Jordan Curnutt, CFP®
Let me start by saying there is nothing wrong with having a budget. In fact, according to Dave Ramsey, the king of all things budgeting-related, a budget is simply defined as “a written plan for your money.”
Since I’m a CERTIFIED FINANCIAL PLANNER™ professional by trade, you would think this definition would resonate with me. And it did! When I was a recent college graduate seeking my first “real job” after school with a load of what is now standard student loan debt, budgeting was a regular part of my life. I had to ensure that every dollar went where it could be best utilized to achieve my goals.
But at some point, life changed. Student loans got paid off. Income went up. And eventually, budgeting just wasn’t a priority anymore.
According to a recent study, 65% of Americans have absolutely no idea how much they spent last month. Now, before you start to think I am giving you a free pass to be financially immature and throw caution to the wind with your hard-earned commission income, think again. But what I am here to advocate for is that as a Top Producing Real Estate Professional, you no longer need to budget in the traditional sense to be financially successful.
Given your high commission income, you should be easily covering your basic expenses, which allows you to implement the concept of “backwards budgeting” into your financial habits.
Then, with the time you have freed up by ditching your traditional budget, you can shift your focus to your highest priority and best use of your time: building your business and managing the more complex intricacies of your financial life that come with your high commission income.
Lastly, we recommend implementing data aggregation software to track your spending over time. This gives you the information you need to make confident and informed decisions about your spending habits and allows you to live life with intentionality in your spending.
If you find yourself spending countless hours each month budgeting every dollar of your projected GCI (gross commission income) and then adjusting for your brokers commission split and then deducting your projected business expenses for the month and then setting aside your estimated tax and then FINALLY getting your actual personal expenses mapped out (just typing that all out was exhausting), this strategy is for you.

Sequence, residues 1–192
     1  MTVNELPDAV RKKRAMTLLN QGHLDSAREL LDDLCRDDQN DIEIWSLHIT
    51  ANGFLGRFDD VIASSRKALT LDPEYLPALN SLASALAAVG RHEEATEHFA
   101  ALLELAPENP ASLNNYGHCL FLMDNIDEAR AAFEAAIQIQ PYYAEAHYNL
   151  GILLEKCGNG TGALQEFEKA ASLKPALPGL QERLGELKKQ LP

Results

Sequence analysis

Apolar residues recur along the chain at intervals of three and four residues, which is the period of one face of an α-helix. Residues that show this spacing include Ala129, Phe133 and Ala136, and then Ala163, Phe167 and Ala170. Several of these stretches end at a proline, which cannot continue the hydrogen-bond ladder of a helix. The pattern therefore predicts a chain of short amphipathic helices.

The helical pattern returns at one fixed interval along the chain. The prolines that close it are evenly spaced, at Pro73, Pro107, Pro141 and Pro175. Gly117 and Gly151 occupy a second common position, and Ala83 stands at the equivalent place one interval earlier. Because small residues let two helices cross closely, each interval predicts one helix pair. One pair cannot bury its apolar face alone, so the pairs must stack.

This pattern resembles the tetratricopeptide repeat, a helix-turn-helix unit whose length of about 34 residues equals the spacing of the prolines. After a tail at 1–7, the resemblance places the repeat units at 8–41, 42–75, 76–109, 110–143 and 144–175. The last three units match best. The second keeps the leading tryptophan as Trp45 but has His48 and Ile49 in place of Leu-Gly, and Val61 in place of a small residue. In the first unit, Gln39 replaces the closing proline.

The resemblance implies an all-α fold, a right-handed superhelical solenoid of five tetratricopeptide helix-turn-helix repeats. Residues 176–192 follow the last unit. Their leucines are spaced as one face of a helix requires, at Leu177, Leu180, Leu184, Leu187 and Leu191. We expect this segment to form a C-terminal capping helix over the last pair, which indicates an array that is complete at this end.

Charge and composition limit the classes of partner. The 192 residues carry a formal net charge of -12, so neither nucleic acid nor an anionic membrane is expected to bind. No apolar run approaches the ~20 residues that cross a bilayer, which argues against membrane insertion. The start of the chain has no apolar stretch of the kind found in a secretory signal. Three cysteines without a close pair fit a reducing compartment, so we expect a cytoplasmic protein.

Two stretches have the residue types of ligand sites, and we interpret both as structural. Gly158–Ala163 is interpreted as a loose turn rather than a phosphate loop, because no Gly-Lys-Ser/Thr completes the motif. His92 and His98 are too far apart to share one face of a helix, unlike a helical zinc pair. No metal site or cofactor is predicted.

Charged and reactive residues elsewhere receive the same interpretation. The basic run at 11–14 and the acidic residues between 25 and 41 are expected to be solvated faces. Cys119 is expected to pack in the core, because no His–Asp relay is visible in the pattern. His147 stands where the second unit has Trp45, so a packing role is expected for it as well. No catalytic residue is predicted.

And if you haven’t budgeted a single line item in the last 20 years, this is for you too.
At its highest level, backwards budgeting suggests that as long as you are accomplishing all of your financial goals, how you spend the rest is irrelevant.
Given this definition, the first step of the backwards-budgeting process would be evaluating what actions are needed today to put yourself in a place in the future where your long-term financial goals are achieved. Here are a few examples:
- Maxing out your solo 401(k) each year
- Maxing out your backdoor Roth IRA each year
- Maxing out your health savings account (HSA) each year
- Contributing to a sinking fund to purchase a lake place in the future
- Contributing to your kids’ 529 college savings plans
- Paying the premium on your term life insurance
- Paying off any lingering consumer debt
Now, I won’t sugarcoat the fact that identifying the correct amount to fund each of these goals can take some work. That said, once you have put a plan in place to systematically work toward these goals, you can become laser-focused on just a handful of other financial factors that deserve your attention and stop attempting to manage a full-fledged budgeting program.
Now that you have identified what you need to be doing each month to achieve your financial success and have committed to achieving those things first, the residual income becomes completely discretionary.
Put another way: Since your goals are already on track, you are free to release yourself from the stress of tracking the movement of every dollar in a traditional budget because how you spend the rest is irrelevant.
Shift Your Focus to Your Highest and Best Use of Time
As I alluded to earlier, the biggest reason Top Producers shouldn’t be budgeting is the sheer amount of time and bandwidth it takes to complete a proper monthly budget. Let’s be honest, real estate is a tough industry. And given the fact that 80% of agents are out of the business within two years, you didn’t achieve the success you have today by wasting time.